# Publications by Year: Working Paper

*Economics Letters*). [Internet]. Working Paper. Publisher's VersionAbstract

Equilibrium climate sensitivity (ECS), the link between concentrations of greenhouse gases in the atmosphere and eventual global average tempera- tures, has been persistently and perhaps deeply uncertain. Its ‘likely’ range has been approximately between 1.5 and 4.5 degrees Centigrade for almost 40 years (Wagner and Weitzman, 2015). Moreover, Roe and Baker (2007), Weitzman (2009), and others have argued that its right-hand tail may be long, ‘fat’ even. Enter Cox et al. (2018), who use an ‘emergent constraint’ approach to characterize the probability distribution of ECS as having a cen- tral or best estimate of 2.8◦C with a 66% confidence interval of 2.2-3.4 ◦C. This implies, by their calculations, that the probability of ECS exceeding 4.5◦C is less than 1%. They characterize such kind of result as “renewing hope that we may yet be able to avoid global warming exceeding 2[◦C]”. We share the desire for less uncertainty around ECS (Weitzman, 2011; Wagner and Weitzman, 2015). However, we are afraid that the upper-tail emergent constraint on ECS islargely a function of the assumed normal error terms in the regression analysis. We do not attemptto evaluate Cox et al. (2018)’s physical modeling (aside from the normality assumption), leaving that task to physical scientists. We take Cox et al. (2018)’s 66% confidence interval as given and explore the implications of applying alternative probability distri- butions. We find, for example, that moving from a normal to a log-normal distribution, while giving identical probabilities for being in the 2.2-3.4◦C range, increases the probability of exceeding 4.5◦C by over five times. Using instead a fat-tailed Pareto distribution, an admittedly extreme case, increases the probability by over forty times.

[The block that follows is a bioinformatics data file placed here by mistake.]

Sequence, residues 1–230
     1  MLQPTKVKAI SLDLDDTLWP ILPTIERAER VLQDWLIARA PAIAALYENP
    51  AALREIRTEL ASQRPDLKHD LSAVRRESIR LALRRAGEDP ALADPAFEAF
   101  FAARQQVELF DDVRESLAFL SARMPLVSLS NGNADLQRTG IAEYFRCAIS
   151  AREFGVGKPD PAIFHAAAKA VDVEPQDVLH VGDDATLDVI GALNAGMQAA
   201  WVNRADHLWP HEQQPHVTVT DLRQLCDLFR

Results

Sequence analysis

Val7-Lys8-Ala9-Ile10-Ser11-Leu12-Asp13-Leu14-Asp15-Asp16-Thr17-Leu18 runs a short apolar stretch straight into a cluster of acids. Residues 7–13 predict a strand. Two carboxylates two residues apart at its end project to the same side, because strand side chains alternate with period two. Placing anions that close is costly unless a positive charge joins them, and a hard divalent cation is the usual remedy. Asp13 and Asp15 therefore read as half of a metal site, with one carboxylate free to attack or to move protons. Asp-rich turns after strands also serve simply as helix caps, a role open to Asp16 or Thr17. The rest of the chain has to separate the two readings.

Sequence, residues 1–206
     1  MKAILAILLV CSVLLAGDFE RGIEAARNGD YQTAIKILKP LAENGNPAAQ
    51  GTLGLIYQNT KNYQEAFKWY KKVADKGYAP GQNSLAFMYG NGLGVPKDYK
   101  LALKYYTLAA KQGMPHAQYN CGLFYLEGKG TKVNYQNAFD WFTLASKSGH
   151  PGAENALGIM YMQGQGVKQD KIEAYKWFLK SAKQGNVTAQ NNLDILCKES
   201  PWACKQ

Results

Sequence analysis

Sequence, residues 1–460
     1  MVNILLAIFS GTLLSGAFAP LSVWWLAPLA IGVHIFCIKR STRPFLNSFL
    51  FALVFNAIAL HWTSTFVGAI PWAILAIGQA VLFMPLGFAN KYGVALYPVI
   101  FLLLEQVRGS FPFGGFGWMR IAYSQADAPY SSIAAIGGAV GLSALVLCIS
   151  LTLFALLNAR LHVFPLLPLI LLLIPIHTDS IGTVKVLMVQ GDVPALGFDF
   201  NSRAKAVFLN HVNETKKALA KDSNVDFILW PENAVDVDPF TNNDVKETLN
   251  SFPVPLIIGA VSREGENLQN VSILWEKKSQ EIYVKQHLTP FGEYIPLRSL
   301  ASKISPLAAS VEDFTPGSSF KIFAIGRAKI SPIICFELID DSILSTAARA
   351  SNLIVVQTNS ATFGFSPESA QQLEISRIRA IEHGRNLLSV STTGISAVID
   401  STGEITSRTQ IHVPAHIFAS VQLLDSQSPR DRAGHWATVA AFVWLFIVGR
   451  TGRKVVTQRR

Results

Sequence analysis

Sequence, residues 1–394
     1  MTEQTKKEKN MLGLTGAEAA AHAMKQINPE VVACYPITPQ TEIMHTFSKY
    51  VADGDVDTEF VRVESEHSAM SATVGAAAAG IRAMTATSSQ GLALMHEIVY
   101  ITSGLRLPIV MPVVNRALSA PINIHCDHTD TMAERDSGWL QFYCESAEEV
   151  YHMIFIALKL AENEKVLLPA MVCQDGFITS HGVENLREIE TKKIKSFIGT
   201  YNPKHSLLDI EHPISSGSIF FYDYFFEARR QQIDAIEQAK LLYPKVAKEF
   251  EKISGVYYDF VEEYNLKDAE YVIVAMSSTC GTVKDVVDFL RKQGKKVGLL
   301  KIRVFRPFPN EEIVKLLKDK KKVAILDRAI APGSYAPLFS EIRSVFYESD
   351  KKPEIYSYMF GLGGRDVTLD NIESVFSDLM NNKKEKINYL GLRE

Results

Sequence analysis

Keywords: climate change, climate sensitivity, fat tails

We extend the standard ‘Prices vs. Quantities’ framework to cover two independent and identical jurisdictions, A and B. Both jurisdictions set a price or quantity to maximize their own expected welfare conditional on the instrument type and amount chosen by the other jurisdiction. With iid uncertainty, a dominant strategy of both jurisdictions is to choose a price instrument when the slope of marginal benefit is less than the slope of marginal cost and a quantity instrument when the condition is reversed. With n countries, if the slope of marginal benefit is equal to the slope of marginal cost, the welfare cost at the equilibrium in which countries coordinate on prices is higher, by a factor of n, than the welfare cost at the equilibrium in which countries coordinate on quantity. By extending the standard ‘Prices vs. Quantities’ criterion from the basic choice framework to a strategic setting, we allow the choice of policy type and amount to take into account the free-riding by other jurisdictions and discover the welfare benefit of coordination on quantities.

JEL Codes: C7, D8, F5, H21, Q28, Q58

Keywords: prices versus quantities, regulatory instruments, pollution, climate change

The possibility of intertemporal banking and borrowing of tradeable permits is often viewed as tilting the various policy debates about optimal pollution control instruments toward favoring such time-flexible quantities. The present paper shows that this view is incorrect for a natural dynamic extension of the original 'prices vs. quantities' information structure that allows the firms to know and act upon the realization of uncertain future costs two full periods ahead of the regulators. For any given circumstance, this paper shows that either a fixed price or a fixed quantity is superior in expected welfare to time-flexible banking and borrowing. Furthermore, the standard original formula for the comparative advantage of prices over quantities contains sufficient information to completely characterize the regulatory role of intertemporal banking and borrowing. The logic and implications of these results are analyzed and discussed.

JEL Codes: Q50, Q51, Q52, Q54, Q58

Keywords: prices, quantities, prices versus quantities, regulatory instruments, pollution, climate change